A citizens group on Lake Erie is fighting back against Bruce Power’s push to build a nuclear power plant in their community.   Their complaint? No one – including their elected officials - asked if they wanted a nuclear plant in their backyard.

Grand Erie Energy Quest has launched a petition calling for a moratorium on all nuclear development in Haldimand County until the issues of radioactive waste, costs, security, and public consultation are addressed.

This is not a radical request, but local councils in Haldimand and Norfolk endorsed Bruce Power’s proposals without public debate and have refused to allow citizens opposed to nuclear to make presentations to council.

The citizens’ group is right. Such a decision shouldn’t be made lightly.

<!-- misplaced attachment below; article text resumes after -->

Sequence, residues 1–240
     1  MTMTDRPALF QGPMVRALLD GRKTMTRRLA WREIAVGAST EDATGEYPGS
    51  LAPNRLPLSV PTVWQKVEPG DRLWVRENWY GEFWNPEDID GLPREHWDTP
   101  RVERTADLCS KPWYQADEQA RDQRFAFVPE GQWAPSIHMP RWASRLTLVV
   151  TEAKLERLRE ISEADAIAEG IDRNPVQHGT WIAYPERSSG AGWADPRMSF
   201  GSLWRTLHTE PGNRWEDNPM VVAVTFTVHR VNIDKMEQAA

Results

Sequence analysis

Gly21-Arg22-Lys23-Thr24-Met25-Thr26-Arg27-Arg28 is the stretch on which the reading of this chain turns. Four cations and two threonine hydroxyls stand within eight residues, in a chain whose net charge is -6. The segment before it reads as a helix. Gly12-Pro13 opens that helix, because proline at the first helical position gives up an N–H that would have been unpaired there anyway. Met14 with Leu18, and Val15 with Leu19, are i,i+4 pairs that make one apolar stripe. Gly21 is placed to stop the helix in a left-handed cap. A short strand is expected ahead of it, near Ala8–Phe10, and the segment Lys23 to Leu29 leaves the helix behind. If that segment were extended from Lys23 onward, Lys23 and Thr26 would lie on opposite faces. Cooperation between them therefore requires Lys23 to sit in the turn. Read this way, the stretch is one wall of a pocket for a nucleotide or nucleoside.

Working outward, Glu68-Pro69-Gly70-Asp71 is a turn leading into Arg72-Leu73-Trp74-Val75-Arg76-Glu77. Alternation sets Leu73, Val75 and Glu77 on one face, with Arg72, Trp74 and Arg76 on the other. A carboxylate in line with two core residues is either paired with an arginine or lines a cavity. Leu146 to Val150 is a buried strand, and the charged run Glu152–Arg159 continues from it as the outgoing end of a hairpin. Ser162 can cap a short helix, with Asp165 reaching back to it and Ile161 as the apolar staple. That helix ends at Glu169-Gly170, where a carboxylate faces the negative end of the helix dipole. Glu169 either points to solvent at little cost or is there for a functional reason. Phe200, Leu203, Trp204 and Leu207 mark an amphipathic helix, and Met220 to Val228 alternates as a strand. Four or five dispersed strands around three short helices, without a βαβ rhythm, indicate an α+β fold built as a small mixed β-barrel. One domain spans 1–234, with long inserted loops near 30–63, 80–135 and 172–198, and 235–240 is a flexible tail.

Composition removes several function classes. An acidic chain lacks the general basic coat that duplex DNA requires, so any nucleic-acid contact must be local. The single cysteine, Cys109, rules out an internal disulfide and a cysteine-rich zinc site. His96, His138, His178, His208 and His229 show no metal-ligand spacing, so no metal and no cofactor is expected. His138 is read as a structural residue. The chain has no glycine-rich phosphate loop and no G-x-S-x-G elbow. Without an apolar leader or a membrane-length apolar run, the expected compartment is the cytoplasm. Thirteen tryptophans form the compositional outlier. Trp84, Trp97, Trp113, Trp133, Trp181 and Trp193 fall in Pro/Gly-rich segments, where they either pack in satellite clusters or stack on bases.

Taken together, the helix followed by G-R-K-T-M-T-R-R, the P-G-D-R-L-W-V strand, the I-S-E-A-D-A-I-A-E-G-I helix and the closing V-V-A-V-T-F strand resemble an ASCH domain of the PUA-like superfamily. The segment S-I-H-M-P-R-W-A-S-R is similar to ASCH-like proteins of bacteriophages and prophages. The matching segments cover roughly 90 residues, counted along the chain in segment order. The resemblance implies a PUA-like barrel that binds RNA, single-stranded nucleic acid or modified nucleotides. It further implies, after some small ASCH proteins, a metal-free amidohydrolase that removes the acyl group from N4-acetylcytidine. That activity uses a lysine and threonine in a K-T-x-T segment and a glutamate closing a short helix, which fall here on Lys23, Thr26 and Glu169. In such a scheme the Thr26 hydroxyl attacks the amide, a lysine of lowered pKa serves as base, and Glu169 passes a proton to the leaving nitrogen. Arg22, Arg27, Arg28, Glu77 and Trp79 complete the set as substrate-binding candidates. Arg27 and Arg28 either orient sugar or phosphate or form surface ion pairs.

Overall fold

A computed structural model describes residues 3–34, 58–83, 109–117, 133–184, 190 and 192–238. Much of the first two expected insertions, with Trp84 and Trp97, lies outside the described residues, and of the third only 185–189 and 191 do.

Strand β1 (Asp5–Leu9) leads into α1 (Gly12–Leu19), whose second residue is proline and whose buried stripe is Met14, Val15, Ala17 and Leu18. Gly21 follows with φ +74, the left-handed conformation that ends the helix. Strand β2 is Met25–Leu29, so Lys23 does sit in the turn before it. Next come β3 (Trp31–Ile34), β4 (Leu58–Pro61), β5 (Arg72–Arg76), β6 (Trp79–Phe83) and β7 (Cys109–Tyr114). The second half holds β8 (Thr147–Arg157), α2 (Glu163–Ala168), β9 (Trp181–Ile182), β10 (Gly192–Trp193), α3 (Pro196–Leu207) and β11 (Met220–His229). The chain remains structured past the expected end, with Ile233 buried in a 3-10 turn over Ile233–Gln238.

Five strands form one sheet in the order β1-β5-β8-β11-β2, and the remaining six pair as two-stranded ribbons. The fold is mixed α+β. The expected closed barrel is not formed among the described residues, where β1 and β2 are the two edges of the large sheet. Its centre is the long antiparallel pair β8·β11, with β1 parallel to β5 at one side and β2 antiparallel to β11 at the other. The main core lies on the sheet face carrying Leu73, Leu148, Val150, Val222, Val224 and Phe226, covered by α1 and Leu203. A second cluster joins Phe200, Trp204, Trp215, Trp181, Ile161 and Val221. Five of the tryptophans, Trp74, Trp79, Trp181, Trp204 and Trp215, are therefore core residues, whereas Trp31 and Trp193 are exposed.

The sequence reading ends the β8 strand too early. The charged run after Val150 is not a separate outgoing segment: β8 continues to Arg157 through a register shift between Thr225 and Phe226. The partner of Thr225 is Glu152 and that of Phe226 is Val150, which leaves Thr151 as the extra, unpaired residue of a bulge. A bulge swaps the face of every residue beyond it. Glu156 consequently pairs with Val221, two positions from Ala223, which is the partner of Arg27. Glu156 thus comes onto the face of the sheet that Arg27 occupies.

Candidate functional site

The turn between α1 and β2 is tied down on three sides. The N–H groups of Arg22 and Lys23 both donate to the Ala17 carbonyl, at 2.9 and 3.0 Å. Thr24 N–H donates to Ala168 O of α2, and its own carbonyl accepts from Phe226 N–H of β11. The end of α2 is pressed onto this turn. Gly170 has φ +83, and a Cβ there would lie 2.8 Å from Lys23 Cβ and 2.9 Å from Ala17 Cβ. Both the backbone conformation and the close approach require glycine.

One need only look to the current debate on whether to rebuild Canada’s oldest nuclear station for a warning that there will be no turning back if Haldimand let’s Bruce Power build a reactor at Nanticoke.

Durham’s Tory MPP John O’Toole’s thinks the province should spend billions to rebuild the Pickering B nuclear station – one of the poorest performing nuclear stations in North America. Why? If we don’t rebuild Pickering, says O’Toole, the Pickering the site will become just a radioactive waste dump. As he told local reporters: “That site will be a nuclear site for the rest of eternity.”

That’s the question the citizens of Haldimand-Norfolk should be debating: do we want our community to be a nuclear site for the rest of eternity?